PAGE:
Tough Love Tough Love is a Russian influenced unaccompanied viola solo in the vain of Shotakovich, Prokofiev and other early 20th century Russian composers. This piece was by far the most traditional piece on the program, both in harmony and form. The solo lines were very lyrical and the tempo was around an andante with lots of rubato and accelerandos. Large intervallic leaps and heavy vibrato were other characteristics that made the music sing like an operatic tenor voice. The performance itself was moderately successful. A few out of tune notes did detract from the overall quality of the performance though the dynamic contrasts and phrasing were excellent. The expressiveness of the music came out beautifully and Jon's choice of writing these melodies for solo viola was a good one. Despite a few minor technical difficulties I was able to deduce that this was a well written piece of music and it was quite enjoyable to listen to.

Around Around was inspired by a ceramic artist who convinced Jon to write a piece of music that involved pre-recorded tape sounds interacting with the process of throwing a pot. The goal of the piece is to have the actions of the ceramicist line-up and be reflected on the tape. This was a very interesting concept and was very effective. It was mesmerizing to see just how closely the sounds of the tape lined up with the actions of the ceramicist. The sound of trickling water and the turning of a wheel corresponded very closely to the ceramistic wetting his hands in a bowl of water and turning the wheel at different speeds. I found this to be a fascinating piece that effecticely mixed visual art with music.

Growth of a Glass Plate This piece was written for three percussionists making use of timpani, marimba, and vibraphone. The dynamic of the music was very soft and stayed soft throughout the entirety of the piece. Musically this piece displayed overt indeterminate thematic ideas much in the vain of composers like George Crumb and John Cage. The timapni was used as the time keeping instrument of the ensemble and played basic rhythmic patterns underneath the vibraphone and marimba. The melodic material of the marimba and vibraphone consisted of short indefinate phrases that employed heavy use of acro (bowing the bars with a cello or double bass bow). Musically I found this piece difficult to follow and the thematic material to be abrupt and disjoined. Ultimately the poorly thought out indeterminacy of the phrasing and choppy melodic material made the piece unsuccessful in stirring any sort of interest for myself or the audience.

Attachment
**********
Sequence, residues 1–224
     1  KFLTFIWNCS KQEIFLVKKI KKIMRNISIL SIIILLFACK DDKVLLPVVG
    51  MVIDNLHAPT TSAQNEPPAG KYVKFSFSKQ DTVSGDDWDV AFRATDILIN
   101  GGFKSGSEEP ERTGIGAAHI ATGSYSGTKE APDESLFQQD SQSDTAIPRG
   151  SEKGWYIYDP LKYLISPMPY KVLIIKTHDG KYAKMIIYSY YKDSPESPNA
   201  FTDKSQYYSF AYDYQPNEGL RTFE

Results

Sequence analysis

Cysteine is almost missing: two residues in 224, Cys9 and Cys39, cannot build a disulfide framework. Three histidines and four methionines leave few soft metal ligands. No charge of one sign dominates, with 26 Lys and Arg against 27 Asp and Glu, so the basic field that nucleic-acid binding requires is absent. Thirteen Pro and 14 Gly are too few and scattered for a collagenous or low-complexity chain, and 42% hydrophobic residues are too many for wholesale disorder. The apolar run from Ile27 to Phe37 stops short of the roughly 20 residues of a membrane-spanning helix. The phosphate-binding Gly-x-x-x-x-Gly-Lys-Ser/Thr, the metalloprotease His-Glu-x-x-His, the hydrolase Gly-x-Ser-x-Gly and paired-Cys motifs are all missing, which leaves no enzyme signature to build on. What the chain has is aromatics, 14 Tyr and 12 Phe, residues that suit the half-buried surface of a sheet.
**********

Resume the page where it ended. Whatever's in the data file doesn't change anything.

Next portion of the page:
CONCLUSION:
Overall I felt that this recital was very good. Jon had a lot of different musical ideas and styles incorporated into his compositions. He effectively displayed his ability to write music in many different mediums as well as solidify the fact that he has gift for writing gorgeous melodies and wide musical soudscapes. Out of all the pieces that were performed that night, I felt that there was truly only one bad piece and that was Growth of a Glass Plate. Mr. Woods' other compositions were of par excellence and provided a variety of musical experiences that pleasured as well as challenged the auditory senses of the listener. This was a good concert. As his style grows and becomes more personalized, I believe that Jon Woods will have a successful future in music.

Monday, November 13, 2006

Proto-Doom Podcast Pt. 1

This is the first part of my two part podcast installment on proto-doom metal. This podcast is a discussion of the music of the legendary doom metal band Pentagram. I also included two tracks recorded by the band in the early 1970s.


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Friday, November 10, 2006

My New Band!!!

That's right, I recently started jamming with some musicians and we are trying to form a heavy metal band. I am working with the guitarist from my old heavy metal band, Enshrined, and the former drummer from the band Cult of the Undead.

Our style is in the black metal vain of bands like Dissection, Arsis, Immortal and Emperor with technical death metal elements in tribute to Necrophagist mixed with progressive rock influences including Rush, Into Eternity, and Yes. I guess you could say that we are very comparable to Borknagar though a little more agressive and up-tempo.

I am currently in the process of writing keyboard parts to accompany the riffs that we have written thus far. I am really enjoying playing with these guys and music is starting to come together quite nicely. We are still trying to fill out the line-up and are currently in search of a bassist and possibly a second guitarist. We also are still trying to name ourselves. We have a few ideas floating around, one of which the is The Light's Demise. The other two guys seem to like the name a lot though I think that we could think of something better. If you have any ideas let me know!!